The No. 01 Lexus Riley led its share of laps, and it even led with a half-hour left in the race.
However, Montoya considered himself fortunate to be contending for the win in the closing moments before settling for runner-up honors.
"I tried, but with the amount of power they had going down the straight, I'm actually surprised we finished second," Montoya said. "I was actually surprised that we fought for the win to be honest."
Montoya and co-drivers Memo Rojas and Pruett combined to lead 80 of the race's 735 laps, but Montoya equated the closing moments of the race to "coming to a gunfight with a knife."
The Ganassi drivers claimed to be at a disadvantage because they could outmaneuver the Porsches in the infield but were no match power-wise exiting the turns and in the straightaways.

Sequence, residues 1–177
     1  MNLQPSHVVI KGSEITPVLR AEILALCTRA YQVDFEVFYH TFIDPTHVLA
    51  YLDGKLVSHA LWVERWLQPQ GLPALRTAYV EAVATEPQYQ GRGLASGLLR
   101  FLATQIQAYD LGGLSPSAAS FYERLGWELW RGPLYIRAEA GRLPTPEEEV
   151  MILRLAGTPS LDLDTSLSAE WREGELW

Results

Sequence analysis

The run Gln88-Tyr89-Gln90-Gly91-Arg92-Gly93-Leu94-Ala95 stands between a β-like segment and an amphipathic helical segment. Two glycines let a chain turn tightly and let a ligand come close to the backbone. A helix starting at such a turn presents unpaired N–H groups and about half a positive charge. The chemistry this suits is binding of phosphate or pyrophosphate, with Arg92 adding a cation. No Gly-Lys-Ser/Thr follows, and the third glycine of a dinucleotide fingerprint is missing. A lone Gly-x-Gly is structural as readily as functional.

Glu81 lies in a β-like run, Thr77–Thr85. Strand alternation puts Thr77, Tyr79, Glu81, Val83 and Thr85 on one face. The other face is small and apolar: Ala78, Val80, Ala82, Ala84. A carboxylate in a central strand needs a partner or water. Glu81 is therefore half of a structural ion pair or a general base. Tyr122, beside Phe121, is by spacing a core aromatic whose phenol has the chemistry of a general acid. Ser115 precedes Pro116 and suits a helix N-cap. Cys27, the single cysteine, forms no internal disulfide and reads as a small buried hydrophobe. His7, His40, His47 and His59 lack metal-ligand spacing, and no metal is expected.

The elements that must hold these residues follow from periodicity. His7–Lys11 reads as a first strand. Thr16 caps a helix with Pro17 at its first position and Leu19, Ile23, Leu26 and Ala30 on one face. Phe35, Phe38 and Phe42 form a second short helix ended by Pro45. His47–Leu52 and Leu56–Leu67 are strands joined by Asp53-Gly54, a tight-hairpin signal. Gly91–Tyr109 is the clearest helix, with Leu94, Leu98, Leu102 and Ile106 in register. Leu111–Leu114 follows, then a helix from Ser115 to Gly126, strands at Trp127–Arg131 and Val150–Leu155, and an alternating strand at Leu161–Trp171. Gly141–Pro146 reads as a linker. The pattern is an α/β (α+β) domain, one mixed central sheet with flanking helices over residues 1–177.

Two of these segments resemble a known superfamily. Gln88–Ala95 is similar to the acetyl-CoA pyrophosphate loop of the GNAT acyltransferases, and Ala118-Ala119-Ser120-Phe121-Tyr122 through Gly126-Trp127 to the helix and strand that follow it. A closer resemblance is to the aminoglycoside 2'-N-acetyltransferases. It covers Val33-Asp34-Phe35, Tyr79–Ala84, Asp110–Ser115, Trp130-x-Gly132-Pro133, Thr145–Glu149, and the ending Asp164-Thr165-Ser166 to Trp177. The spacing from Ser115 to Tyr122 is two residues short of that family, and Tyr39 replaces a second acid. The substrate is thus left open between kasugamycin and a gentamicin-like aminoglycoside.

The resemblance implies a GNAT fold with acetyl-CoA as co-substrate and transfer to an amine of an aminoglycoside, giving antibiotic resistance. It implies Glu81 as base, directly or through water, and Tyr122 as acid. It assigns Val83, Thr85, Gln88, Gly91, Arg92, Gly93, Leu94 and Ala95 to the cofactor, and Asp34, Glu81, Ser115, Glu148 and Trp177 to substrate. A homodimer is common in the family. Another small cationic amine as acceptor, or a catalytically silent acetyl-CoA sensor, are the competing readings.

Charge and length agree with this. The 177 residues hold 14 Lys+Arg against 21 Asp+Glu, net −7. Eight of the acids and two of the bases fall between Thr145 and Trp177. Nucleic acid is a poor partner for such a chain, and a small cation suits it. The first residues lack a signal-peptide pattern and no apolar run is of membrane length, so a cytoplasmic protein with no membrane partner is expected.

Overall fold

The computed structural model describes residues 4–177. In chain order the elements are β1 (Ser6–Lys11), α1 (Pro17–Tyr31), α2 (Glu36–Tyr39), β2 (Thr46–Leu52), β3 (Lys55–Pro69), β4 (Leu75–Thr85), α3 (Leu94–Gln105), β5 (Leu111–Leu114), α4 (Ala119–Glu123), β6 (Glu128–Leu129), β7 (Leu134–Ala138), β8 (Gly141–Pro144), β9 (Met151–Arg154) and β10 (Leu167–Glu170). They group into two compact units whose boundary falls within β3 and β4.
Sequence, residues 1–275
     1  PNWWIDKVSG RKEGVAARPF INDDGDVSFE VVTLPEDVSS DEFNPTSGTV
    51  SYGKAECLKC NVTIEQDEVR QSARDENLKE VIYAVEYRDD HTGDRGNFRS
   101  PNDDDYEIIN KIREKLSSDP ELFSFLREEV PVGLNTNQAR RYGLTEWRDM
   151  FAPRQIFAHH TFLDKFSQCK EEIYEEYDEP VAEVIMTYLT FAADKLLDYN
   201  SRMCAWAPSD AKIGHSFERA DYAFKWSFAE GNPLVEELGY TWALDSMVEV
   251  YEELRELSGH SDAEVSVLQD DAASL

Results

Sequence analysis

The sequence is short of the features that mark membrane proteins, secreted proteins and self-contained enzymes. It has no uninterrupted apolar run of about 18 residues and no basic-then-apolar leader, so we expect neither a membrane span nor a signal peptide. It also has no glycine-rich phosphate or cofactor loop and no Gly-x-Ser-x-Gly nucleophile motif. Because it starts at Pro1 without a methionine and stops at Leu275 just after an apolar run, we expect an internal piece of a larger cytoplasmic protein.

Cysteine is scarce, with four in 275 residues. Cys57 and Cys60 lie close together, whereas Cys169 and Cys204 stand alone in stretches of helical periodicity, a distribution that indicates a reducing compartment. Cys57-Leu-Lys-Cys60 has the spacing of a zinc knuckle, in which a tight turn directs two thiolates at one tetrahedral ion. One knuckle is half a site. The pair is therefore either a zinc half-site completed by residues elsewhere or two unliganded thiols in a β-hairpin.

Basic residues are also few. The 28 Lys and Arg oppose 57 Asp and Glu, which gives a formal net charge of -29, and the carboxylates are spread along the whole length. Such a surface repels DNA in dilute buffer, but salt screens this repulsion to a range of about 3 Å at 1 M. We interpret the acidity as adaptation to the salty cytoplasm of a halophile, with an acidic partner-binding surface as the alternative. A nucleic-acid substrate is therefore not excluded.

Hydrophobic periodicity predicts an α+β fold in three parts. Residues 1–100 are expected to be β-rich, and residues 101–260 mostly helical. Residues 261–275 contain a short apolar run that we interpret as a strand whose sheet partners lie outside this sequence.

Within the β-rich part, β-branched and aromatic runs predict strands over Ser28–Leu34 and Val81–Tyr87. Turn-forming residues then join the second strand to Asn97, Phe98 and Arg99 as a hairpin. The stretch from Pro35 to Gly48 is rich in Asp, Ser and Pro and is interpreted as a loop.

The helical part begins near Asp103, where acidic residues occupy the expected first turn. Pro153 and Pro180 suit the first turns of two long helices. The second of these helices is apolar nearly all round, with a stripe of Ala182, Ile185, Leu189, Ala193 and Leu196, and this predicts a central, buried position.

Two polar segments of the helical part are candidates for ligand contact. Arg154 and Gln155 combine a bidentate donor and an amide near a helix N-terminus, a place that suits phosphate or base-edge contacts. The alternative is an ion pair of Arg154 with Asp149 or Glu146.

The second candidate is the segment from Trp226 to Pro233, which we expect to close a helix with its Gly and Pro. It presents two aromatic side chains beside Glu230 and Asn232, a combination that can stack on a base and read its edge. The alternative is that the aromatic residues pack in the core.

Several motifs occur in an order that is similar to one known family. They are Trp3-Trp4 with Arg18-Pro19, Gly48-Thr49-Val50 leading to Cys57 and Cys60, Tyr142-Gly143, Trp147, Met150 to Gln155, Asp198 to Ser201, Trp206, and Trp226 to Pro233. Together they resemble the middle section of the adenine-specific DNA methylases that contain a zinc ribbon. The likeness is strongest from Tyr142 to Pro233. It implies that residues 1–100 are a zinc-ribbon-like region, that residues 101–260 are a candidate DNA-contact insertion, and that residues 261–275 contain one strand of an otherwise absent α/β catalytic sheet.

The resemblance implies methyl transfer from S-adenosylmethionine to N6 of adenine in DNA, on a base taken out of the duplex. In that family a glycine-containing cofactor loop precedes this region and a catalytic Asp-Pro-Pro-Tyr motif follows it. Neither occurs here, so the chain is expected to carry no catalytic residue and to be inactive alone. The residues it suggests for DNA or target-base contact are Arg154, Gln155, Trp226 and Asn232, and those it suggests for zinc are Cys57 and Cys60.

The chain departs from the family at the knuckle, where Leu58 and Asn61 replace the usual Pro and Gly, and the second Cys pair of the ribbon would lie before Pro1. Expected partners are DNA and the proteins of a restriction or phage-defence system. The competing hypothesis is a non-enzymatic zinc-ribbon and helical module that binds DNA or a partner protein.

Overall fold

"Honestly, it's just sour grapes on their part. Porsche just built a good motor and like David (Donohue) said we've done our homework," said Darren Law, driver of winning No. 58 Porsche. "They crossed the line 50 feet behind us.
"It was a fight the whole way through. It wasn't like we just motored around on the outside."
Ganassi's two Lexuses combined to lead 162 laps, while the winning No. 58 Brumos Porsche led a race-best 254 laps and combined with its teammate, the No. 59 Porsche, to lead 305 laps.
Now, Law and Donohue are left to battle it out for the Daytona Prototype championship the rest of the season with Pruett and Rojas.
"When guys just drive by you it never seems right. Hopefully it will get evened out. It's just ridiculous and it's frustrating," Pruett said. "Grand Am says that everybody has the same power and somehow that slipped through the cracks.
"They try to make things equal, but it's far from it right now. I'd like to see (a change), otherwise it's going to be a long, damn season." Daytona Beach News Journal